The goats wander through the brush at Penn Elementary. (Ben Grimm)
The goats wander through the brush at Penn Elementary.

Ben Grimm

Got goats?

The Iowa City community turns to alternatives for herbicides to combat environmental damage.

February 28, 2018

Standing on top of the Linn County landfill, 250 workers are busy clearing their way through invasive weeds and plants this fall. However, these aren’t your typical laborers, lugging heavy shears and saws—they don’t need special equipment to get the job done. All these workers need are their mouths.

A new trend, targeted grazing, appearing across the country over the last few years, has come to the Iowa City Community School District. Targeted grazing is controlled goat grazing that clears unwanted vegetation with little damage to the terrain and wanted plants. Goats are replacing harmful weed killers such as herbicides and carbon dioxide-producing machinery, which emits fossil fuels and contributes to the increasingly apparent climate change crisis.

Goats on the Go, founded in 2012, is one of the companies in Iowa that brings their goats to different locations to eat unwanted vegetation. From landfills to residential homes to schools, these goats have been almost everywhere, coming typically three times to each location.

The goats first come in the spring after the plants grow leaves and return eight weeks later after the leaves regrow. The final visit occurs a year later in the spring, when they eat the plants one last time. This process is believed to get about 90% of the weeds killed, according to Chad Steenhoek, co-founder of Goats on the Go.

While it doesn’t work as quickly as chemicals do, it gives back to the land in a way typical weed killers can’t.

We’re taking land that doesn’t have any value and we’re creating food from that land.”

— Chad Steenhoek, Goats on the Go co-founder

“We’re taking land that doesn’t have any value and we’re creating food from that land, [whereas] if you just use chemicals, you get no benefits from the land,” said Steenhoek. Because the goats are domestic, they can be safely used as meat after a satisfying life of munching on leaves and weeds.

The district first heard about this trend in an advertisement on the radio. Leading up to the introduction of goats to the schools, they made sure to make the community aware through newspapers and press releases from the administrative office.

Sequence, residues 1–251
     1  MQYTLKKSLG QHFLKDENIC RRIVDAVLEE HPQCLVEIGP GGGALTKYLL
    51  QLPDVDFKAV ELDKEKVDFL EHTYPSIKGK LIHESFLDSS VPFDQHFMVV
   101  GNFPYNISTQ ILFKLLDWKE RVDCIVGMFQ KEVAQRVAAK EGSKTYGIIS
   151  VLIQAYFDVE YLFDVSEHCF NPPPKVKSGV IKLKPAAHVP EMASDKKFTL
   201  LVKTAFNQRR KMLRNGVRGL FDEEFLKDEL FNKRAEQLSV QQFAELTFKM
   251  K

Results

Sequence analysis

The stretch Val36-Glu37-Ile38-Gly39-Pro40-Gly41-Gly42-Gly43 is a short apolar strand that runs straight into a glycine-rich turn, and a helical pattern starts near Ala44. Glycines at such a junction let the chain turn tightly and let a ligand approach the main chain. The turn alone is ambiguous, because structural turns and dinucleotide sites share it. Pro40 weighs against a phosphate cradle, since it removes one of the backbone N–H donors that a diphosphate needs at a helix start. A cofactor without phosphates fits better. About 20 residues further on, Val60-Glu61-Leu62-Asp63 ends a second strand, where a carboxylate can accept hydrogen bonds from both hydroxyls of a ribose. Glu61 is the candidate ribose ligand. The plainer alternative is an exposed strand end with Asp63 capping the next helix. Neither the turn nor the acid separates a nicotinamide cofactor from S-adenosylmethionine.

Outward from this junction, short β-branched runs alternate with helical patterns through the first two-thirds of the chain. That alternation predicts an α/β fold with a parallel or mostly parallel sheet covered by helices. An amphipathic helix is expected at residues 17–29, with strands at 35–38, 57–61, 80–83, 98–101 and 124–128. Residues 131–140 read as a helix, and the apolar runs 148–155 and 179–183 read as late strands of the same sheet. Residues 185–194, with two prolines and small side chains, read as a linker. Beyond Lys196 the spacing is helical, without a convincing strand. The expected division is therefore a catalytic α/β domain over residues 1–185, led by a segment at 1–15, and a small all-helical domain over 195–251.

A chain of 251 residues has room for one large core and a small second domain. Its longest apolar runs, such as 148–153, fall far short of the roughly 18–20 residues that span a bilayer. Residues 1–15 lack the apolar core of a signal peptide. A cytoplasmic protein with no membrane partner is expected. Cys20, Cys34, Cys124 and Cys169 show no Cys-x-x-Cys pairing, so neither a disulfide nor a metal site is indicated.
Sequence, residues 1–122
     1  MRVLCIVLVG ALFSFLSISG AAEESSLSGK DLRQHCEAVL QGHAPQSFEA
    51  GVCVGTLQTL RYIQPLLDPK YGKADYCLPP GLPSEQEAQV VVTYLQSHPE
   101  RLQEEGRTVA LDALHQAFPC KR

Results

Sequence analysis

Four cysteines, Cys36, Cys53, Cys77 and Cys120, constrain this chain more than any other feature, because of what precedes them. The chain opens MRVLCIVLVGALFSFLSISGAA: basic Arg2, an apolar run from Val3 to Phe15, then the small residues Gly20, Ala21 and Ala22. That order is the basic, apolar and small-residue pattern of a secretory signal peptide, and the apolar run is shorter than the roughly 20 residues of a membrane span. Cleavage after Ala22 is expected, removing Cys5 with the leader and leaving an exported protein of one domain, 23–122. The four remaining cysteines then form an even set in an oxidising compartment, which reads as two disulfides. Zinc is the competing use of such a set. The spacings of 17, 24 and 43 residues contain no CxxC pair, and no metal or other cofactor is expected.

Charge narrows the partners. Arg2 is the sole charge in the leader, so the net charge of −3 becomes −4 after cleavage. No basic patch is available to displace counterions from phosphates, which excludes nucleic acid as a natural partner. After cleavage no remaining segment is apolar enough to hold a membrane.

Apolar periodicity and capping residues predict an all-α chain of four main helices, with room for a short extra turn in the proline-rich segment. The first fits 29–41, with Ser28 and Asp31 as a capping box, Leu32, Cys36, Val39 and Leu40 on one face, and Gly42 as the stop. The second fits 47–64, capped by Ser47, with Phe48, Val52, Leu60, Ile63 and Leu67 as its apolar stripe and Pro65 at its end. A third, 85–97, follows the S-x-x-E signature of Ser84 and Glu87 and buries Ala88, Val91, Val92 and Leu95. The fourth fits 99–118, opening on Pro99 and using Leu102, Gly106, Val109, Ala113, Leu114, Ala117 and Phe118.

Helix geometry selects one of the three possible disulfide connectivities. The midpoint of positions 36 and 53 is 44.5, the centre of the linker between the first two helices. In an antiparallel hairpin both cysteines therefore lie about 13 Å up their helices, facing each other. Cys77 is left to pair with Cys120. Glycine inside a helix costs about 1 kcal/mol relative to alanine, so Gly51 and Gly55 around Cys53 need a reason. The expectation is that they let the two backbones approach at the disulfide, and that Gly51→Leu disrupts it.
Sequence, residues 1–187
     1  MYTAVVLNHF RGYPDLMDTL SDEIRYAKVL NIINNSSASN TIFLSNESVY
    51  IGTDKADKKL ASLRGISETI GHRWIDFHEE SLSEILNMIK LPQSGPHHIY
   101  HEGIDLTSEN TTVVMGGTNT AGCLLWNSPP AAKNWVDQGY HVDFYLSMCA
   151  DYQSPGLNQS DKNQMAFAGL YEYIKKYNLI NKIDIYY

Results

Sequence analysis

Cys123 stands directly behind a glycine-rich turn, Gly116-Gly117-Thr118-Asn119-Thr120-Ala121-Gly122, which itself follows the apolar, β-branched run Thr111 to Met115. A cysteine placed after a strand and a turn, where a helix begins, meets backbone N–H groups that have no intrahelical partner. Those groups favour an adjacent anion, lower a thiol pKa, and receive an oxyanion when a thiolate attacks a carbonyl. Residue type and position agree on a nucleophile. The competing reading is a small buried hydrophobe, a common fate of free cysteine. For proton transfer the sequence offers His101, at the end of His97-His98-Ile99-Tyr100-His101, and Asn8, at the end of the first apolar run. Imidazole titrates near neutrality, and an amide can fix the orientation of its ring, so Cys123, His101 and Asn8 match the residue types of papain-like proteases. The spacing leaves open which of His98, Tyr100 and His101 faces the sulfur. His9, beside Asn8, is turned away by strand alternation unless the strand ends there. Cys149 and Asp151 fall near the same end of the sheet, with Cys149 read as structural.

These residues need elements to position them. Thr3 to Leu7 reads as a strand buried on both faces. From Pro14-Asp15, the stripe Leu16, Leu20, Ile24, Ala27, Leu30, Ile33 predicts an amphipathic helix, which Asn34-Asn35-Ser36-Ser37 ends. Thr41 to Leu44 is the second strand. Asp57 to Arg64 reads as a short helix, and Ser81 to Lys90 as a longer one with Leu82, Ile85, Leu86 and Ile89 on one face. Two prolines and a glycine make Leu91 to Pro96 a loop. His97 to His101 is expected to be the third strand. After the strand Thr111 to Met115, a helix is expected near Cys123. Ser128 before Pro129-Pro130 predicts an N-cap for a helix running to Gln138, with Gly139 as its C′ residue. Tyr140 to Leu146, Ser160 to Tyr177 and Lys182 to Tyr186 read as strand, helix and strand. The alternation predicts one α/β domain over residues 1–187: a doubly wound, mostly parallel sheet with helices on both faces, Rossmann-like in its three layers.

“So many people are so detached from farm life and natural wildlife that we weren’t sure if it was going to upset a lot of people,” ICCSD grounds manager Ben Grimm explained.

The first goats came in 2016 to repair revines and the effects of erosion and convert land into areas that people can use. That spring, the schools to receive them were Penn and Shimek Elementary Schools. In just three days, Penn’s once inaccessible land was ready to be converted into a grassy park.

“They totally managed all the goats, so that all the kids, both human and four-legged, were safe,” said Kristy Heffner, Principal of Penn Elementary. “The only concern we had to address was people wondering if it would hurt the goats to eat poison ivy and wild mustard. We learned from the owners that the goats are very able to handle this invasive sort of plant with no ill effects.”

After those first successful visits, Theodore Roosevelt Education Center, Lincoln Elementary and City High were next on the list for the spring of 2017, chosen because of the severity of their situations.

And while West High isn’t on the list as of right now, there has been talk of them coming to clear the areas around the practice fields in a few years.

This year at the education center, the groundskeepers got multiple calls from the school’s neighbors claiming the fence was down and the goats were on the loose, only for them to show up and find everything in place. Despite how these reports may have seemed like ways of getting rid of the goats, Grimm thinks they “weren’t out of ill intent,” but just showed that “they didn’t know exactly what they were looking at” because of how uncomfortable people are with wildlife and nature.